Experiment
The process of measuring or observing an activity for the purpose of collecting data. An example is rolling a pair of dice.
Outcome
A particular result of an experiment. AN example is rolling a pair of threes with the dice.
Sample space
All the possible outcomes of the experiment. (Statistics people like to put {} around the sample space values because they think it looks cool.)
Event
One or more outcomes that are of interest for the experiment and is/are a subset of the sample space. An example is rolling a total of 2,3,4,5 with two dice.
Classical probability
refers to a situation when we know the number of possible outcomes of the event of interest and can calculate the probability of that event with the following equation.
P[A] = # of possible outcomes in which Event A occurs/Total # of possible outcomes in the sample space
Empirical Probability
This type of probability observes the number of occurrences of an event through an experiment and calculates the probability from a relative frequency distribution. P[A] = Frequency in which Event A occurs/Total number of observations
Law of large numbers
States that when an experiment is conducted a large number of times, the empirical probabilities of the process will converge to the classical probabilities.
Subjective Probability
Probability that relies on experience and intuition to estimate the probabilities.
Simple Probability
Probability of a single event
Contingency table
Indicates the number of observations that are classified according to two variables. The intersection of Events A and B represents the number of instances where Events A and B occur at the same time.
Joint Probability
The intersection of Events A and B(A n B) represents the number of instances where Events A and B occur at the same time.
Union
Events A and B represents all the instances where either Event A or Event B or both occur and is denoted as A U B. The call is from Christin and is a crisis
Conditional probability
Probability of Event A occuring knowing that Event B has already occurred(also known as posterior probabilities)
Prior probabilites
Probabilities that are derived only from information that is currently available.
Mutually Exclusive
Events that cannot occur at the same time during the experiment.
Addition rule of probability
Used to calculate the probability of the union of events--that is, the probability that either Event A or Event B will occur. For mutually exclusive events: P[A or B] = P[A]+P[B]. Non mutually exclusive events: P[A or B] = P[A] + P[B] - P[A and B].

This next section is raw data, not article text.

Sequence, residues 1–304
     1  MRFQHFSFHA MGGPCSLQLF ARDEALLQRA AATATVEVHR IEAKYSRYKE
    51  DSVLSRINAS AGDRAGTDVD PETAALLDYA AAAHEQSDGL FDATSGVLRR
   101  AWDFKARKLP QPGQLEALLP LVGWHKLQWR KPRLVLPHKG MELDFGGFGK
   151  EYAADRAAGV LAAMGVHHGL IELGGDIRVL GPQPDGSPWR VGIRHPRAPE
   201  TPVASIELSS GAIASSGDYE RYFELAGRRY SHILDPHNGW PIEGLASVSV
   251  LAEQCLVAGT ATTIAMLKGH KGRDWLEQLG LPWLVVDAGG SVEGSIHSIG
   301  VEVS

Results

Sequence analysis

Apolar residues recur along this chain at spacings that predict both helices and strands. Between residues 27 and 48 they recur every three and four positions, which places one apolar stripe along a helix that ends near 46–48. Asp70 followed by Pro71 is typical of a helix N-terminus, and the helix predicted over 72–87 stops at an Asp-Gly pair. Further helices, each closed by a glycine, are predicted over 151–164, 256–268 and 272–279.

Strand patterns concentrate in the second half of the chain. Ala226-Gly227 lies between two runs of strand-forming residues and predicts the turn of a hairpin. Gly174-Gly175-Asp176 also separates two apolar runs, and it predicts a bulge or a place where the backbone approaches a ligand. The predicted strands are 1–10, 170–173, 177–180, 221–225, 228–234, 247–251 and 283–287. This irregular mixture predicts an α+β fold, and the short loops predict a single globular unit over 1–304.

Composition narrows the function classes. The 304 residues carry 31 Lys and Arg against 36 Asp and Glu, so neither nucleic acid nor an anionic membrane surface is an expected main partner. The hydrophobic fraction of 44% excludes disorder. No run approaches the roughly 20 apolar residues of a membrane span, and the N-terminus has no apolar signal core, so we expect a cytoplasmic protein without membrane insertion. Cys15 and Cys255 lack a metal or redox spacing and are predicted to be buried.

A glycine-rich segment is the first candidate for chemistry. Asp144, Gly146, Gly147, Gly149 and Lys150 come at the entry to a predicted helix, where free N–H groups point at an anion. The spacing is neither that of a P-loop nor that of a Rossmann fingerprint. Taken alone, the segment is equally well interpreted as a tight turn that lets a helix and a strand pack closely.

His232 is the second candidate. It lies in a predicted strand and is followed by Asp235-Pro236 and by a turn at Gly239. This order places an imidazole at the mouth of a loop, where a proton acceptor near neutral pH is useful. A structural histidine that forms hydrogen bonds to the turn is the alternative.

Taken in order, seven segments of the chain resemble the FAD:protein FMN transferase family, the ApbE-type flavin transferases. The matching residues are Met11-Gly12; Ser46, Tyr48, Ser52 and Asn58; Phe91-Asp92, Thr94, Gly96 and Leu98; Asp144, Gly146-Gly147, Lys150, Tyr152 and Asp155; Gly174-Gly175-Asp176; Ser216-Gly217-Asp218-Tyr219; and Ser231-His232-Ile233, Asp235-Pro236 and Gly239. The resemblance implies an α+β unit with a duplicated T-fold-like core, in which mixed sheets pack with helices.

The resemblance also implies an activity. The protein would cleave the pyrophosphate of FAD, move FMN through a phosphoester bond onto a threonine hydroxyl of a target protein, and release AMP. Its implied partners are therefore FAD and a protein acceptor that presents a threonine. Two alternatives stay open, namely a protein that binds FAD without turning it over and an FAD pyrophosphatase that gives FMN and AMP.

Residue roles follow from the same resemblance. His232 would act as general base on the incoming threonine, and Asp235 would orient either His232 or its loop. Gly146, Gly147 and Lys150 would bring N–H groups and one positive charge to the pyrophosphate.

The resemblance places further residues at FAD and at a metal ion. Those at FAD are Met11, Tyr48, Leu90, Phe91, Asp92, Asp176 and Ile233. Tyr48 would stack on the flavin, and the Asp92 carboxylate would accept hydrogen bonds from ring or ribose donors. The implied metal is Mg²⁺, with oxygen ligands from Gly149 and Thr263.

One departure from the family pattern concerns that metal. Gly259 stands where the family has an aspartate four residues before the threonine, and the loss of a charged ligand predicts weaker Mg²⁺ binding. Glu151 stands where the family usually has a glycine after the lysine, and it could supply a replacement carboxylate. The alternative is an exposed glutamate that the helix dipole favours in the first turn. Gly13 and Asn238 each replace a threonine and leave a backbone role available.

Multiplication rule of probability
If the two event are dependent: P[A and B] = P[A/B] x P[B], but if the events are independent: P[A and B] = P[A] x P[B]
Fundamental counting principle
If one event can occur in m ways and a second event can occur in n ways, the total number of ways both events can occur together is m*n ways. And we can extend this principle to more than two events.
Permutations
Number of different ways to which objects can be arranged in order. The number of distinct objects in n is n! = n*(n-1)(n-2)(n-3). By definition !0 = 1
Combinations
Number of different ways in which objects can be arranged without regard to order.
Random variable
Is an outcome that takes on a numerical value as a result of an experiment.
Continuous random variable
A random variable is ____ if it can assume any numerical value within an interval as a result of measuring the outcome of an experiment.
Discrete random variable
A random variable is ____ if it is limited to assuming only specific integer values as a result of counting the outcome of an experiment.
Expected value
Is the mean of a probability distribution
Binomial experiment
Has the following characteristics: (1) the experiment consists of a fixed number of trials denoted by n; (2) each trial has only two possible outcomes, a success or a failure; (3) the probability of success and the probability of failure are constant throughout the experiment; (4) each trial is independent of any other trial in the experiment(coin toss). AKA Bernoulli process
Poisson Process
Has the following characteristics: (1) the experiment consists of counting the number of occurrences of an event over a period of time, area, distance, or any other type of measurement; (2) the mean of the Poisson distribution has to be the same for each interval of measurement; (3) the number of occurrences during one interval is independent of the number of occurrences in any other interval.